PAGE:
Personally, Jacobs and his wife Joan support the Jacobs Technion-Cornell Innovation Institute and have been recognized by Business Week and Chronicle of Philanthropy for being among the 50 Most-Generous Philanthropists in the United States.
Last year’s Global Citizen honoree, Bunker Roy, founder of The Barefoot College which trains “grandmas” in remote villages as “solar engineers” returned to this year to announce that he is working with another Global Citizen honoree from last year, Bishop Elias Taban, a former child soldier who grew up during Sudan’s civil wars, to expand Barefoot College to South Sudan. The program has trained 900 women who bring solar energy to unelectrified villages, improving the lives of 450,000 people.
“We want to solar electrify 100,000 houses and reach 1 million people,” Roy said. “When most would write off South Sudan as most dangerous, we established the Barefoot Center, saving 200,000 jobs, stopping migration. We want to establish 6 more over Africa.”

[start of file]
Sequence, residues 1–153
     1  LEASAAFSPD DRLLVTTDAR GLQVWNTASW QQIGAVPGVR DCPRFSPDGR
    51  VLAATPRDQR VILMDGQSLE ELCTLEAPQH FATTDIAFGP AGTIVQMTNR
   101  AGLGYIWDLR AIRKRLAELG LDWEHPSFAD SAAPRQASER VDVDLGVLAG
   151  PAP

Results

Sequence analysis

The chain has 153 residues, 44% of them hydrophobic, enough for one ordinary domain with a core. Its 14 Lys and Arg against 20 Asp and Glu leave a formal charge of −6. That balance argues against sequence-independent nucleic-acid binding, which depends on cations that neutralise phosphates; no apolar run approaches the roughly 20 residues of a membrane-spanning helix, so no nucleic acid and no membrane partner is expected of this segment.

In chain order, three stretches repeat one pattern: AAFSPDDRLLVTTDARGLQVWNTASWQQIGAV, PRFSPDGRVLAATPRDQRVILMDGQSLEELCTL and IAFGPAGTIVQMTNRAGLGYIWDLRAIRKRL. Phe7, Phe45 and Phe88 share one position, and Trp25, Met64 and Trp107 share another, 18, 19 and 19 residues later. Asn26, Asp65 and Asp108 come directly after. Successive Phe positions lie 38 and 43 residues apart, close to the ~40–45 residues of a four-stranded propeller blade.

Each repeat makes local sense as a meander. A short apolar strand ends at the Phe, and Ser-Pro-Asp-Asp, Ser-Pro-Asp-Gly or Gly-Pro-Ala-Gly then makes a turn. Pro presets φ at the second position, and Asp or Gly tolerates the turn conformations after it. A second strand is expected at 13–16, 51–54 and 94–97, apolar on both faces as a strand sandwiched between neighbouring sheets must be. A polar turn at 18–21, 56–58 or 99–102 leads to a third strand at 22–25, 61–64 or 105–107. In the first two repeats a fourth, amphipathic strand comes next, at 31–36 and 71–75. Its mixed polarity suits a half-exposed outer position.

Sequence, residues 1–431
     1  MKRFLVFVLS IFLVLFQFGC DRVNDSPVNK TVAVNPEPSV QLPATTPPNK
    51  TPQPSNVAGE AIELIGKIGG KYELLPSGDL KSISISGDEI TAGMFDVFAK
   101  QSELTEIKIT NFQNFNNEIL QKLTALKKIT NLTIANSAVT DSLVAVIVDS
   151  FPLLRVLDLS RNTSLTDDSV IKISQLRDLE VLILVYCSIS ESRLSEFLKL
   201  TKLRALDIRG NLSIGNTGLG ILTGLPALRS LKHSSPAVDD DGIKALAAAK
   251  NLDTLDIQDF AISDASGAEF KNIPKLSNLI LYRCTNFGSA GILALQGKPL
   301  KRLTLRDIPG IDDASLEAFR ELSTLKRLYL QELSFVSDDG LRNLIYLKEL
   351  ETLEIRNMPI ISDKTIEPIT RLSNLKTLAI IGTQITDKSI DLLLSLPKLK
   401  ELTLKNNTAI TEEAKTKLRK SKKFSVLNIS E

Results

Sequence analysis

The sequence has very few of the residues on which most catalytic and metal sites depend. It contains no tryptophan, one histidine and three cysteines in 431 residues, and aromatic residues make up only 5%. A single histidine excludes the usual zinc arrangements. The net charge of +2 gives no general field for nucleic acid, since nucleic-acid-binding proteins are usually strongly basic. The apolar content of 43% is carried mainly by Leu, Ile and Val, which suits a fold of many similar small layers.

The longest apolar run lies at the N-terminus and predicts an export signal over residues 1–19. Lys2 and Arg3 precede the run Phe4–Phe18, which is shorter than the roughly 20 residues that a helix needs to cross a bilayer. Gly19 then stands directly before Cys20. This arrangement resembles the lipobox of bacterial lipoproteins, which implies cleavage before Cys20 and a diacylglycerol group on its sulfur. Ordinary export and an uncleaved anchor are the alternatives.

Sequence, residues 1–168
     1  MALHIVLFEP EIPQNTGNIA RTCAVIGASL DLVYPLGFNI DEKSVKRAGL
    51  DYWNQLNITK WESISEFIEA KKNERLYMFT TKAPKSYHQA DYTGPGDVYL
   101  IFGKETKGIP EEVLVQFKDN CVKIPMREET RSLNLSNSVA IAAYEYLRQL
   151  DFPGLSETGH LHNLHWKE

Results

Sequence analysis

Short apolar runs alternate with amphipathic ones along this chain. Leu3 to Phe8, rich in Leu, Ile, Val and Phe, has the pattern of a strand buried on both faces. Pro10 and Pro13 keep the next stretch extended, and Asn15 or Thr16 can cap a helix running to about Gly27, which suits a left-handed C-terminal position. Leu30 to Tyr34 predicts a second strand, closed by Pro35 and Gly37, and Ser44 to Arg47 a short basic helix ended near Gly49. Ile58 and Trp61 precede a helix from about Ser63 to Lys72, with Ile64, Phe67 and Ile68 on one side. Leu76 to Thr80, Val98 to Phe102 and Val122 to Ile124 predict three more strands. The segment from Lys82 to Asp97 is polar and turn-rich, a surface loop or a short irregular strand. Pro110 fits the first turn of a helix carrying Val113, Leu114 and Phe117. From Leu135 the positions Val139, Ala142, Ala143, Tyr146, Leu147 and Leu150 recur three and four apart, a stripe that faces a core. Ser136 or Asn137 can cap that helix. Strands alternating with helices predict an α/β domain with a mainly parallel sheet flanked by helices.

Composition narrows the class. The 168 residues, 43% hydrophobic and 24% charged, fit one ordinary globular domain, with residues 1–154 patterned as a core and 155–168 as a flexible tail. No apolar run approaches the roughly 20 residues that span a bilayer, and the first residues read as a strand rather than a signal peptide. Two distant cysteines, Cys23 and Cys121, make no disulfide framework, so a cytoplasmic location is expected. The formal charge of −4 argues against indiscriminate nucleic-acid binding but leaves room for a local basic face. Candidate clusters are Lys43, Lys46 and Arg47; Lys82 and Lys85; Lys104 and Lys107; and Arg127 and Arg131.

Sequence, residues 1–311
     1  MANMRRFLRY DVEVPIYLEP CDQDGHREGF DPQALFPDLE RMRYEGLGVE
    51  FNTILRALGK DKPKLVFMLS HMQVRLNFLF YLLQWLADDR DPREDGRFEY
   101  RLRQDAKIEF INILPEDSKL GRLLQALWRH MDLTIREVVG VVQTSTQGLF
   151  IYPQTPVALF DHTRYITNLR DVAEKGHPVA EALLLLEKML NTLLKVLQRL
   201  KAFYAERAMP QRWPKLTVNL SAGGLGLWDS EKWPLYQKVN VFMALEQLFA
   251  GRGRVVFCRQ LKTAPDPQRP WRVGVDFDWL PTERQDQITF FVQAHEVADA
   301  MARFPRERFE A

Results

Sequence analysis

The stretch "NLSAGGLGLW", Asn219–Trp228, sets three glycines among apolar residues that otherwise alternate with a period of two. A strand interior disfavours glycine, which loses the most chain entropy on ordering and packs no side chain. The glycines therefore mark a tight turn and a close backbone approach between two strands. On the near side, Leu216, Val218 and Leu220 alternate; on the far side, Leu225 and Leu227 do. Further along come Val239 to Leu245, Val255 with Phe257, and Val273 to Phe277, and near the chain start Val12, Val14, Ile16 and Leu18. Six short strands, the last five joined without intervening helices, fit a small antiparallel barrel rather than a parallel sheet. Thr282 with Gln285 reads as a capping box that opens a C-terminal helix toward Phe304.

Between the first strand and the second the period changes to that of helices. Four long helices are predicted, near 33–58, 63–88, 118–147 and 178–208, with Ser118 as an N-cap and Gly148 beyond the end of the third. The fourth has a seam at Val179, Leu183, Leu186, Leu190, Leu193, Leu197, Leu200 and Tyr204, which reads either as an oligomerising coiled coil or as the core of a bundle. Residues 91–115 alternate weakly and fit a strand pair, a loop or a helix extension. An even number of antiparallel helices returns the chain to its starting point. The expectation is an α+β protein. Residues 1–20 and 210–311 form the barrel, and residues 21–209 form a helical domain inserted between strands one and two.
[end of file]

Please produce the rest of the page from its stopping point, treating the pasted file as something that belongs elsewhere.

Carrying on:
“For me to hear Bunker talk about what he has done with Bishop Taban in South Sudan, a lot of good things happen here, a lot of good people,” President Bill Clinton said.
“These honorees represent some of the most visionary leaders in the world and embody what it means to be a true global citizen,” said President Bill Clinton. “Having brought together and lifted a nation, given a voice to marginalized populations, worked to protect our fragile environment, and equipped our next generation with the skills they need to succeed, I’m encouraged by their efforts and optimistic about our collective future.”
The Global Citizen Awards has become a major fixture of the Clinton Global Initiative which just marked its 10th year.